It sounds like something out of a movie. A young man is diagnosed with cancer, and he has only two things to keep him going: his work tending to the land that he loves, and his love for the people who tend the land with him. This was no cinematic feature, though. This was life for Land Manager, Justin Wages. In late 2008, the 33-year-old was working part-time at Placer Land Trust and attending classes at Sierra College when he was diagnosed with stage-four cancer.
“I had school, I had work, and I had cancer, and I couldn’t do all three. I had to choose two, and I didn’t have a choice about the cancer,” Wages said. “I chose work, and PLT became my rock.”
Executive Director Jeff Darlington was able to add two hours per week to Wages’ schedule so that he could receive health benefits as a full-time employee. Wages underwent chemotherapy and five surgeries during the next three and a half years, and in that time he kept a flexible schedule at PLT. “I would work in the office for a while, take a break to be sick in the bathroom, and go back to work,” Wages said. “I’d be up at 5 a.m. scattering seeds at one of our sites, and I’d have to go behind a tree to throw up.”
PLT Assistant Director Jessica Daugherty described one day during that time that she feels epitomizes Wages’ dedication to the PLT cause: “We were in the middle of a drought,” she said, “and volunteers had planted wildflowers at Doty Ravine Preserve. Justin was worried the seeds might die if they didn’t get watered, so even though he was fresh out of surgery and totally sick, he hiked out there in the heat, with a chemo bag slung over his shoulder, so he could water the seeds.”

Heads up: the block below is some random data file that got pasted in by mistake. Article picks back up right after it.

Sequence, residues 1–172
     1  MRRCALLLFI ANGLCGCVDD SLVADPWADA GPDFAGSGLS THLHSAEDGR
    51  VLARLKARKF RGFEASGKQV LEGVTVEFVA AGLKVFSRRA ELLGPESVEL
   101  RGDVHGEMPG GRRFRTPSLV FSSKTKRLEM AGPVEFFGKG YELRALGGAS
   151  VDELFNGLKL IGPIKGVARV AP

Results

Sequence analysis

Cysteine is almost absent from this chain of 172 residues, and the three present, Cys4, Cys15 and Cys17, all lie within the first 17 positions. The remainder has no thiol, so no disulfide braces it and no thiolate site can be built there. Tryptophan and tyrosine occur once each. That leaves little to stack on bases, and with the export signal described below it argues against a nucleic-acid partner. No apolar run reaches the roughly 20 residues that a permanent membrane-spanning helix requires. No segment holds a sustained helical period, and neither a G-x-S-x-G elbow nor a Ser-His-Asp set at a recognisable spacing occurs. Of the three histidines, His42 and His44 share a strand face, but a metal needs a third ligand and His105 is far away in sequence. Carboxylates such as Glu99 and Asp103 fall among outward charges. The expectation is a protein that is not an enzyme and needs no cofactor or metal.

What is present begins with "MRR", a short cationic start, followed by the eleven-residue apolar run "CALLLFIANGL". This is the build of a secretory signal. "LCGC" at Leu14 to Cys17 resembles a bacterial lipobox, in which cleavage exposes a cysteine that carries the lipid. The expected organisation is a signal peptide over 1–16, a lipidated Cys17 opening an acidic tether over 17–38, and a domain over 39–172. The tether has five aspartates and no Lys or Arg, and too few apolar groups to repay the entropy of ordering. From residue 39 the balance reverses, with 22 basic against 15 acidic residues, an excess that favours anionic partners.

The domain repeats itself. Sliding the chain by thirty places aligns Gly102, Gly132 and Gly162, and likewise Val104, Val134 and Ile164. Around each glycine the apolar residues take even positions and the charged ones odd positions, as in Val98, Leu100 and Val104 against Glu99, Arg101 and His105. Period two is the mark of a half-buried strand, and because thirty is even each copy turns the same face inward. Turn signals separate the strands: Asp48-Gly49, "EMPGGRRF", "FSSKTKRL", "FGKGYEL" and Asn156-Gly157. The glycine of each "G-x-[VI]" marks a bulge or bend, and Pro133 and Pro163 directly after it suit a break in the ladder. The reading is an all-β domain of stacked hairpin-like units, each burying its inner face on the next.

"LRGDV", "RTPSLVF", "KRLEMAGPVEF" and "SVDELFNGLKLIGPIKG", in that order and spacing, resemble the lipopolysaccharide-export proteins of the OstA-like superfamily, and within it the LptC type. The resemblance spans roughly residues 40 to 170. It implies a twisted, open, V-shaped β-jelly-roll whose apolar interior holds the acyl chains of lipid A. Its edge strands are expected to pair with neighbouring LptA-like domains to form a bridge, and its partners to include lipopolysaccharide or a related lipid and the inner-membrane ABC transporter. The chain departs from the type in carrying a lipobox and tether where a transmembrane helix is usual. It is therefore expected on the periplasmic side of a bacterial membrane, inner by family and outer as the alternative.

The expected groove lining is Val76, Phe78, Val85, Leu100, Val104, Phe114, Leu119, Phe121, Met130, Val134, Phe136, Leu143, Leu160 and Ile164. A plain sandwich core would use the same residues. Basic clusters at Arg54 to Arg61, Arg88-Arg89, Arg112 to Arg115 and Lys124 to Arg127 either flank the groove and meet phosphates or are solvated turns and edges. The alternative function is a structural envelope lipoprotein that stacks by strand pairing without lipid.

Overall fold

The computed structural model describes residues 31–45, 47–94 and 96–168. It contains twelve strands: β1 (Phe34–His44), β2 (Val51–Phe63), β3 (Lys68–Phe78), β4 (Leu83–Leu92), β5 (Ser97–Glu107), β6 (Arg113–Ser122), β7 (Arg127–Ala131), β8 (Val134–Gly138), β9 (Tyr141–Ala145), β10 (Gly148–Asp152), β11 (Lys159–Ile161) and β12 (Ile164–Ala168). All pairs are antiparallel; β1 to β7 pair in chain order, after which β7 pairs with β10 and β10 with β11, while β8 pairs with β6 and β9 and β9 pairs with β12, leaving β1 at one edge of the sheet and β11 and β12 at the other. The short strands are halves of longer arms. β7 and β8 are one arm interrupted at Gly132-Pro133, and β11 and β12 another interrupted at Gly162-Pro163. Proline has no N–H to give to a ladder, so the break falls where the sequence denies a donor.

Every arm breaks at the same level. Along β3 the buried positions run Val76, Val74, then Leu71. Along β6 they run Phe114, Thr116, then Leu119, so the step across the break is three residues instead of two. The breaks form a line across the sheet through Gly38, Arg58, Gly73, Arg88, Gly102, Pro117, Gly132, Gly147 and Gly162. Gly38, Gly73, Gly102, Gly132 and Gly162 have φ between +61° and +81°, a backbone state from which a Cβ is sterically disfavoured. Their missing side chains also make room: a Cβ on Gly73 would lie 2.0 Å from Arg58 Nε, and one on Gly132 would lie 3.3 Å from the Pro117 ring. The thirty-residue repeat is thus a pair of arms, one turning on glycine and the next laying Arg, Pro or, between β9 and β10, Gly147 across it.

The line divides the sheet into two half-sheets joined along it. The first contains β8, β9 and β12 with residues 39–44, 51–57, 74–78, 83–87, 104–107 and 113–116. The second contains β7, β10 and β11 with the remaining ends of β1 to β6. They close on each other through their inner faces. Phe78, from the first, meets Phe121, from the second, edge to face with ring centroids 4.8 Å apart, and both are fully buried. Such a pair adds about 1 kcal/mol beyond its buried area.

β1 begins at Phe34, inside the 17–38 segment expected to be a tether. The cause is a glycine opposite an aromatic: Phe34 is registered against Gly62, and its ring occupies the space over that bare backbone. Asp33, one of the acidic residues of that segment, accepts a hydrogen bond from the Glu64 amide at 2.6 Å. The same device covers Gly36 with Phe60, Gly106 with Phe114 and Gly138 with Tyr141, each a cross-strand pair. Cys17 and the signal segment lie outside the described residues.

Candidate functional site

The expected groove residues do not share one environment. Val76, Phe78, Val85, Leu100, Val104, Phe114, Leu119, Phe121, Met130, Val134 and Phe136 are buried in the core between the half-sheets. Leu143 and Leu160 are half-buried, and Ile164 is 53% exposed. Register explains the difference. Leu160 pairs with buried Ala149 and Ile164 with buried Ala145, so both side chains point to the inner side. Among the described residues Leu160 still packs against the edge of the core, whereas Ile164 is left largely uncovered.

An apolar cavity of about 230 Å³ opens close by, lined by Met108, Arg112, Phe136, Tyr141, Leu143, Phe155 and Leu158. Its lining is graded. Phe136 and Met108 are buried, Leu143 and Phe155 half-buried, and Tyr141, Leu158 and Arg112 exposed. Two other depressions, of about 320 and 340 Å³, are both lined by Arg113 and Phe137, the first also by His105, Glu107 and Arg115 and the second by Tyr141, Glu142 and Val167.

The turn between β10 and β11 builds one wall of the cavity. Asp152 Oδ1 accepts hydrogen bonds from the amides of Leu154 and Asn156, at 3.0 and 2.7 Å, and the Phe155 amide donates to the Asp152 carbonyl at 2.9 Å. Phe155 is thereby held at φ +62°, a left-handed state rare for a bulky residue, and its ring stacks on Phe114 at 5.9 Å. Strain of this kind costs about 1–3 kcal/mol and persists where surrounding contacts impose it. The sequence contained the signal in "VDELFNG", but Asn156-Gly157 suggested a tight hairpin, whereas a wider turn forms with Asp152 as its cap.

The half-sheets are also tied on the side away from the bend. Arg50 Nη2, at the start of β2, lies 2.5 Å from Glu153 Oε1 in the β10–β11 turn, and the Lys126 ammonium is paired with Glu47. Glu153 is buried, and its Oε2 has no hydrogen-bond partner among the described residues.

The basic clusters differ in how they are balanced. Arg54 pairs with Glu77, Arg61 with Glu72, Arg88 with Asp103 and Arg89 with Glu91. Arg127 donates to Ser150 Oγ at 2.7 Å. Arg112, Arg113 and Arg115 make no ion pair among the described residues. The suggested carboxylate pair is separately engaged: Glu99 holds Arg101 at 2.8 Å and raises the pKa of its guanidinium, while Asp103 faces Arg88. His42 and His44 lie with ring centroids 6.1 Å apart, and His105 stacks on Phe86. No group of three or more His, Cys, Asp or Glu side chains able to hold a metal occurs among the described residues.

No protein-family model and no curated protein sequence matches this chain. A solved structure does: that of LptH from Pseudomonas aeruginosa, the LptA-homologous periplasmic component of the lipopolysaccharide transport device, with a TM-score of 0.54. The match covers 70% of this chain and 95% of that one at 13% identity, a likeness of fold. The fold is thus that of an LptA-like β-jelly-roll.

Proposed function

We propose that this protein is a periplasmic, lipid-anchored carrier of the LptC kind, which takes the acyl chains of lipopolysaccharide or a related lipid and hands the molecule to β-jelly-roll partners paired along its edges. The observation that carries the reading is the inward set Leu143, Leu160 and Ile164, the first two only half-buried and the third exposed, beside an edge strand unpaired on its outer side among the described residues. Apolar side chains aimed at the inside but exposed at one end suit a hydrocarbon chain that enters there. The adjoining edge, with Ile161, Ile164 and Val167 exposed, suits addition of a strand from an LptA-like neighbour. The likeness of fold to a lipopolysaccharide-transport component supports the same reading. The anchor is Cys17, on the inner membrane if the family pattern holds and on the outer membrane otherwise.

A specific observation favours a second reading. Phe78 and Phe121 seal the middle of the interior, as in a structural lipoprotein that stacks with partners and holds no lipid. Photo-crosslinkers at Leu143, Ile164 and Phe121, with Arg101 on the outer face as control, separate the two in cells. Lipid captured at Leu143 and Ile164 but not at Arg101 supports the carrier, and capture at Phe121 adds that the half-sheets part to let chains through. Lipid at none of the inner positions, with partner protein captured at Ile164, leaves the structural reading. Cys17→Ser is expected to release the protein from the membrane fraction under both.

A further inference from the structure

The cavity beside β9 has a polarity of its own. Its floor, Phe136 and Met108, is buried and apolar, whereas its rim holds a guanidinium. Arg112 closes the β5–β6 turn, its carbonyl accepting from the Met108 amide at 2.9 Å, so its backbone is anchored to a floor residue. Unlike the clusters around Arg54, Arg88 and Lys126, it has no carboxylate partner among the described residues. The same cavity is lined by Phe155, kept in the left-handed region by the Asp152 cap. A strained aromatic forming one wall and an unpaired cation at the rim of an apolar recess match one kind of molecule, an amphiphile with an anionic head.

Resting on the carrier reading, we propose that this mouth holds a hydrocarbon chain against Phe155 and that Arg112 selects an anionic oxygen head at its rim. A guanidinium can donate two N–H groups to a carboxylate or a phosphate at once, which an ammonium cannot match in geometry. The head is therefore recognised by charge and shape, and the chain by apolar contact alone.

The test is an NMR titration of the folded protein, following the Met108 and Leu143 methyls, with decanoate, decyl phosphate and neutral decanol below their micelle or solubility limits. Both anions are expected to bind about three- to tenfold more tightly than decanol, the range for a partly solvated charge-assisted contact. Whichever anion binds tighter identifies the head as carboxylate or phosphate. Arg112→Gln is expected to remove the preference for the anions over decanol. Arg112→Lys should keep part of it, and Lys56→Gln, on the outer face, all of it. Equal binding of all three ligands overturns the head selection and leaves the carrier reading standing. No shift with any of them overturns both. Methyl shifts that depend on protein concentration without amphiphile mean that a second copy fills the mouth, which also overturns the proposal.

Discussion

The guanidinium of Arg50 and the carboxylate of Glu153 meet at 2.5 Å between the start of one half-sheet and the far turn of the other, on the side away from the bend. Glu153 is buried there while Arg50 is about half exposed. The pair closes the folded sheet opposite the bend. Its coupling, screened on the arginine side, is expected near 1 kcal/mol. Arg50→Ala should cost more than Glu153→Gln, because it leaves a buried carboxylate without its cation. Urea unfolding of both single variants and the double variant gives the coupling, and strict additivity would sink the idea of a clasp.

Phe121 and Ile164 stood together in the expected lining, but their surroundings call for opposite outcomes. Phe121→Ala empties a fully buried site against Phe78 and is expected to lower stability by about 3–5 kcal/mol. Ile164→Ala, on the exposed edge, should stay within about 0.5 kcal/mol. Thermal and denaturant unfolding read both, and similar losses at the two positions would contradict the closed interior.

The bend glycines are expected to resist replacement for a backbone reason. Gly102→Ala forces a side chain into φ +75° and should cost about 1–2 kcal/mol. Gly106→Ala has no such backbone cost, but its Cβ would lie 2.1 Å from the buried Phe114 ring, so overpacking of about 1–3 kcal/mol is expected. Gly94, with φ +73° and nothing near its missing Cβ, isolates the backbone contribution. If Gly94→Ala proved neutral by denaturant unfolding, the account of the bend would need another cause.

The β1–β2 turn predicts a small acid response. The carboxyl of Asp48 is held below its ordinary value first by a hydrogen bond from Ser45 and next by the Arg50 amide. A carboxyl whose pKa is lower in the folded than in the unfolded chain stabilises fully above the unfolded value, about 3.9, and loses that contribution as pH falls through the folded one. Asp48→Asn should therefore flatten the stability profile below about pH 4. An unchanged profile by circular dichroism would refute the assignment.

Daugherty likened Wages to the “Forrest Gump” character, Captain Dan, waving his fist in the air, unshakeable in his fight against the elements, even with the odds against him.
“I think about how hard Justin was working and how sick he was,” Daugherty said, “and I think it’s really emblematic of how we all feel about working here. It’s our passion.”
Wages reflected on how much the entire PLT community, including those outside the office, came to mean to him while he had cancer. Folks not only sent him cards, they left meals at his doorstep, and donated appliances when he had to find a new home with short notice. After finishing the required hours, one Americorps volunteer offered to continue working on Wages’ behalf. Trees bring people together, Wages realized, and that’s what’s important about the work PLT does.
“We love the land, but we preserve it for people,” he said. “The people at PLT gave me a reason to live.”